May's birthstone, the emerald, represents spring's renewal and rejuvenation due to its green color. In 2013, Pantone declared it as the Color of the Year, citing its contribution of luxury and elegance to the color palette.
Emeralds are created by the presence of chromium, vanadium, and iron in beryl minerals, and their concentration determines the stone's color range. Chromium and vanadium produce a vibrant green hue, while iron gives it a bluish tinge.
The most valuable emeralds are medium to medium-dark toned bluish-green or green, often cut into an emerald shape, as the stone naturally forms into six-sided prisms. Most emeralds have visible inclusions (internal clarity characteristics) and blemishes (surface clarity characteristics) that impact their value. The size and type of inclusions can drastically affect the price, ranging from $10 per carat for a low-quality stone to $50,000 per carat for an exceptionally clear one.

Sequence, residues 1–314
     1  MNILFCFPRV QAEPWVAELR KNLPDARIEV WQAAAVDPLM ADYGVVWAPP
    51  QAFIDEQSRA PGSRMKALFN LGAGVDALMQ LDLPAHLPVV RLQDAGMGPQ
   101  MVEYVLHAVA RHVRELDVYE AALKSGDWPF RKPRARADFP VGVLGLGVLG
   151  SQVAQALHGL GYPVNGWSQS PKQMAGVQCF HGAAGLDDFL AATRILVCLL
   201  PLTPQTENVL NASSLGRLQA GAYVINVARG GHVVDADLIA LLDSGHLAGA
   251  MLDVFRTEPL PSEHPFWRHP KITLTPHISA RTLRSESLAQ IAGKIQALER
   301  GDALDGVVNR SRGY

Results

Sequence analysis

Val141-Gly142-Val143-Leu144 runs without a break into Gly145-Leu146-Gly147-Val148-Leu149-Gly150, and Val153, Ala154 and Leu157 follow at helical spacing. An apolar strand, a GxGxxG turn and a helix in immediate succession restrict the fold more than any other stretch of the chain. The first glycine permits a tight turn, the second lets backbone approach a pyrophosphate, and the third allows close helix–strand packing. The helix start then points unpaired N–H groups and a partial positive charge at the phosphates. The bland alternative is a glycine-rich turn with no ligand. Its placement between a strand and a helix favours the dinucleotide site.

Lab-created emeralds have the same chemical, physical, and optical properties as a natural emerald. Lab-created emeralds are among the priciest synthetic gemstones due to the costly equipment and energy-intensive processes required for their production. Although the yield of facetable material is low, the slow and meticulous process results in a stunning product. Despite this, natural emeralds, depending on the size and type of inclusions can drastically affect the price, have a greater price than lab created emeralds.